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Topic : 09/23 Before You Do

Number of Replies: 116
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Created on : Friday, September 19, 2008, 05:23:49 pm
Author : DrPhilBoard1
Every day, you make simple decisions as you go about your life, but once in a while, you're forced to make a big decision that has the power to change your life forever. When it comes to these big decisions, is there a way to know if you're really making the right choice? Dr. Phil is joined by Bishop T.D. Jakes, author of Before You Do, to arm you with the tools you need to make great decisions you won't regret. Sabrina and Bruce have been married for six-and-a-half years and have three small children. Bruce says there's no affection in their marriage, and Sabrina says they're constantly at each other's throats. To add to their misery, two of their children were born with medical problems, Bruce recently lost his job and their home was foreclosed. Should this couple stay and try to make it work, or part ways? Bishop Jakes weighs in with his five-point decision-making plan. Next, what would you do if your sibling needed one of your kidneys to live? Josh, 21, was diagnosed with kidney disease and needs a transplant. His brother, Tim, is most likely a match, but he can't decide if he wants to make the sacrifice. Find out why Tim says this is the toughest decision he has ever had to make. And, meet a couple who wants to get married, but there's one problem: She wants kids, and he wants a vasectomy! What does Dr. Phil say?

Find out what happened on the show.

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September 28, 2008, 10:42 am CDT

Oh My

I was wondering if Dr. Phil or any of his people really read these boards.  I hope so because I feel that some of these people need help.  To claim that I have not done anything to help my brother was uncalled for .  You do not know me or my family and I was totally taken aback with this comment.  People are so judgmental and instead of writing praises and trying to help some of you want to put down and accuse.  Please reread your posts before putting them on and then put yourself in the shoes of the person you are writing to or about.  Would you feel good about what you read?  I know I do when I post.
September 28, 2008, 2:32 pm CDT


Quote From: wolf39us

I am the man on the show, I have already gone for the snip and I am very happy about it!


why is it that I have to defend myself in every aspect?  Haven't you people ever heard of someone that "gasp" doesn't want kids???


OMG he's going AGAINST "the" lifescript!!!


I'm willing to bet that if I said I wanted children that everyone will congratulate me or give me a hoorah

soooo I am old enough to make a decision to HAVE children but oh no don't you dare NOT have children! that would be disastorous!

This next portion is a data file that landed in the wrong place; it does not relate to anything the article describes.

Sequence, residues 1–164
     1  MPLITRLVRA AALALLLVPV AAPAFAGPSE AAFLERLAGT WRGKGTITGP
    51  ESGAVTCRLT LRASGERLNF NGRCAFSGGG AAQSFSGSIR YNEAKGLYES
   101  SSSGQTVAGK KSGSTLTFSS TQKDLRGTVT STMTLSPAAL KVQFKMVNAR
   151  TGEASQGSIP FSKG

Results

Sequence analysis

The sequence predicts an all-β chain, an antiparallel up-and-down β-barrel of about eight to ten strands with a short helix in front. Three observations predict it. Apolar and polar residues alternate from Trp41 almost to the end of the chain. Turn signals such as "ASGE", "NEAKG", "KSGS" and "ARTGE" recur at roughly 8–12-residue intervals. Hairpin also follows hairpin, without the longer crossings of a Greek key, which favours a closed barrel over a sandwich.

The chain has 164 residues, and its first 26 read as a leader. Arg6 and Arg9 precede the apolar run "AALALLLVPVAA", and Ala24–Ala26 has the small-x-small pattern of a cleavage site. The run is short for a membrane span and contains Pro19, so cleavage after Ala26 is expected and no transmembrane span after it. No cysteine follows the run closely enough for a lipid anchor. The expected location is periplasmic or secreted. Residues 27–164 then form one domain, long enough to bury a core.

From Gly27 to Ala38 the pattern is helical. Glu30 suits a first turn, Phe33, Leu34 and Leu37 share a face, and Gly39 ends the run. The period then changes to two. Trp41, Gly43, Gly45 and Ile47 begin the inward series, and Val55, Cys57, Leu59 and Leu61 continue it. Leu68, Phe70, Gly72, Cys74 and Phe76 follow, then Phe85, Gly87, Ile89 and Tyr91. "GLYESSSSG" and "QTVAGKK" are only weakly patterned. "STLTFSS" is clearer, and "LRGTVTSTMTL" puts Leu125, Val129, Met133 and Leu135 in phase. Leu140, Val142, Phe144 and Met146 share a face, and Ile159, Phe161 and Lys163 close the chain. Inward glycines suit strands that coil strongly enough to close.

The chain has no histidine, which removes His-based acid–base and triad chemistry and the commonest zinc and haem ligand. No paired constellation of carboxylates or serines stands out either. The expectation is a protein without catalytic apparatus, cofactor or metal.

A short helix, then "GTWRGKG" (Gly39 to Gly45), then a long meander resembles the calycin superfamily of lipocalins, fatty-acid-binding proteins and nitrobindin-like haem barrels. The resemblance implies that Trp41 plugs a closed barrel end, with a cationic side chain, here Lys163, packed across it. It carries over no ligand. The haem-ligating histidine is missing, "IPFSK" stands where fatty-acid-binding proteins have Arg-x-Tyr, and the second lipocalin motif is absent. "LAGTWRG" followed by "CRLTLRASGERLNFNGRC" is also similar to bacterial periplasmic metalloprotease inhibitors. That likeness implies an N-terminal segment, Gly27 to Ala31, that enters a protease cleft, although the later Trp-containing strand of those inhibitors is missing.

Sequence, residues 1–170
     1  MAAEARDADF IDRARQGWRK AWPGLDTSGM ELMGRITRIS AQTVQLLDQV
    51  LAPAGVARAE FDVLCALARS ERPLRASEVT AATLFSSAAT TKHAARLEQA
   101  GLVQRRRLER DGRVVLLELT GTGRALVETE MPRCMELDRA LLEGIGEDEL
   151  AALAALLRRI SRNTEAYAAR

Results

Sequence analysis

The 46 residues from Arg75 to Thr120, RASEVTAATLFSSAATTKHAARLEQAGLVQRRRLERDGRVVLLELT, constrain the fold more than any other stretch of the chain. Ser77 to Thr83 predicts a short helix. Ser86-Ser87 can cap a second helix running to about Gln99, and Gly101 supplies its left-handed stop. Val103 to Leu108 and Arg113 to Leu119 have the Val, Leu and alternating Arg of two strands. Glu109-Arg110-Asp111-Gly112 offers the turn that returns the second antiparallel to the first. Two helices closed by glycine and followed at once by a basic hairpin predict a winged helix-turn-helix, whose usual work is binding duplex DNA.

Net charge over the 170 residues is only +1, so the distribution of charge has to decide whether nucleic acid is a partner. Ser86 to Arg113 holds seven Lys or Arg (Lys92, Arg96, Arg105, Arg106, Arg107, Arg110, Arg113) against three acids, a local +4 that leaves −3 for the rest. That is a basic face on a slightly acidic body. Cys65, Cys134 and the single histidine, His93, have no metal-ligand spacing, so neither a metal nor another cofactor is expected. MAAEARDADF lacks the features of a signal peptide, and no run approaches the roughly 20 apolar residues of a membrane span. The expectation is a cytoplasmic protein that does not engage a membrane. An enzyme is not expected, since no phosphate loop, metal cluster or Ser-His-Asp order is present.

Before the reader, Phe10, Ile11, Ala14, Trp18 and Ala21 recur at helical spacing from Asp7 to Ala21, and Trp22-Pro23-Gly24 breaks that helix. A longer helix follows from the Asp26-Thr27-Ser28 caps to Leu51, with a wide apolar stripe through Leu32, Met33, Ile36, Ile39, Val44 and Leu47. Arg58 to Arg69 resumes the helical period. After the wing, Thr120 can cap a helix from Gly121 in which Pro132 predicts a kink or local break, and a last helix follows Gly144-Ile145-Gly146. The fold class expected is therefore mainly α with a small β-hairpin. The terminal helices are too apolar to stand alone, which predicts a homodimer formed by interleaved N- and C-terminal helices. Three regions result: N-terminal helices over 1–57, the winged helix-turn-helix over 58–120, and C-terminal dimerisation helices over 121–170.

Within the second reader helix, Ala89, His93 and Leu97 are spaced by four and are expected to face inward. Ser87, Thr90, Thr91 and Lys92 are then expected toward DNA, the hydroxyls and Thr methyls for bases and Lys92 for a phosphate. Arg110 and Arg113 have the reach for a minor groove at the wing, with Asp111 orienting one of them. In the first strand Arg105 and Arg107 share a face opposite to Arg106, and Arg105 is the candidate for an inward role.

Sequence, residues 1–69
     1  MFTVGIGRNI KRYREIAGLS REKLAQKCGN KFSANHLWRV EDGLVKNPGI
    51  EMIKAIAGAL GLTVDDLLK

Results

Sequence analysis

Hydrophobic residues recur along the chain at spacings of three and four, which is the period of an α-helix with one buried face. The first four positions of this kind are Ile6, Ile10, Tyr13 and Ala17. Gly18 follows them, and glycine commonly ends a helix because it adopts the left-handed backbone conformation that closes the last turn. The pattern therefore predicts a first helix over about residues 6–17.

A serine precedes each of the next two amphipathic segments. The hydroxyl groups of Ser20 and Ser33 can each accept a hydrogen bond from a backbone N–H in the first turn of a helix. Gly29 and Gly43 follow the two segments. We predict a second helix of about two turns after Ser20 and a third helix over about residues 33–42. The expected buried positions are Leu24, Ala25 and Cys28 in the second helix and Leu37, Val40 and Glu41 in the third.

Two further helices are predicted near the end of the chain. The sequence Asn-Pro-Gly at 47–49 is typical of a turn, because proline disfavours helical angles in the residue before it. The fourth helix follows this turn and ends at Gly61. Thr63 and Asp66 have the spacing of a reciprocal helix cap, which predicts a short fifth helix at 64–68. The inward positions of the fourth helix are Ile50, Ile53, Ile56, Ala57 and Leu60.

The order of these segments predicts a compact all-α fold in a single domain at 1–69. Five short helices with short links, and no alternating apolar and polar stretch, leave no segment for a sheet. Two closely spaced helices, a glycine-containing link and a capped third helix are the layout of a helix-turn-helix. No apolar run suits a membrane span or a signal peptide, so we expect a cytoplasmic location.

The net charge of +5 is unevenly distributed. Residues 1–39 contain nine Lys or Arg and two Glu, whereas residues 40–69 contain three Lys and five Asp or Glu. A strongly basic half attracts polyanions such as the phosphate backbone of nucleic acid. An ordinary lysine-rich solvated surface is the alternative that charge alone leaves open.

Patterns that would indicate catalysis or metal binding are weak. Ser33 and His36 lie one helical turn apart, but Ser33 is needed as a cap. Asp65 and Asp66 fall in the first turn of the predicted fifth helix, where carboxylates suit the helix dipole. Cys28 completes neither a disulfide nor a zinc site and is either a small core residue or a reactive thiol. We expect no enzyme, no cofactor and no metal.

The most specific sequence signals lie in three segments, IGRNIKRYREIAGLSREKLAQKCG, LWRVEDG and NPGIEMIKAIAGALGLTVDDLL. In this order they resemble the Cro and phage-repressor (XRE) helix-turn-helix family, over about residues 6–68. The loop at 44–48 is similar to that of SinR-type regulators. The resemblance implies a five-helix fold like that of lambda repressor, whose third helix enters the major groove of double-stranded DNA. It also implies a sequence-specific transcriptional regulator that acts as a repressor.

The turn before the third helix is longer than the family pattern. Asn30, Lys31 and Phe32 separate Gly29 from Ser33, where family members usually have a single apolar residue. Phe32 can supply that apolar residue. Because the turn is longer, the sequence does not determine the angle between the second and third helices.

And to the people who talked about her oopsing me...I assure you I am quite on the path to beingi very much sterile, so I won't worry about it


My life goals are to see the world, become very successful and learn several languages...maybe work for the government someday....something most people don't do... you know, the ones that have to live paycheck to paycheck to support their children


I'm sorry but that just isn't the life for me!

 Isn't it funny how people hit the roof when the idea of procreation doesn't make you all starry eyed and mushy? I have known from the age of 11 that children were never in my future and the complaints from others and rude comments have never stopped. People who CHOOSE to have children don't have to justify their choice but those of us who CHOOSE not to be parents are always need to have a dissertation on our CHOICE. We have our reasons and quite frankly it is nobody's business but our own. Ideally.

It is assumed that my husband and I (both educated professionals in our mid-late 20's) have very empty and unfulfilled lives, loads of extra cash, lots of free time that we should be donating to our friends with kids, and are extremely selfish. Not the case actually since we did what was best for us, and since we don't think we would make good parents why bring innocent lives into a home where they are not wanted? Besides, no one is being harmed by our decision.

I finally got approved for the procedure (we haven't been able to find a doctor to snip my husband so I get it done) after being insulted by 2 other physicians who had the gall to tell me to grow up and come back when I'm an adult. Well, I finally found a very nice doctor that recognized my concerns (the idea of pregnancy and child birth terrifies me which apparently is another opinion that I am not supposed to have as a woman, or so I have been told) and approved me.

Also, should we do change our minds, what is so wrong with adoption? I really feel if you are fit to be a parent you would be able to love a child no matter what, since it is always being called unconditional right? We don't need a clone of us running around to feel like a parent.
September 28, 2008, 2:50 pm CDT

09/23 Before You Do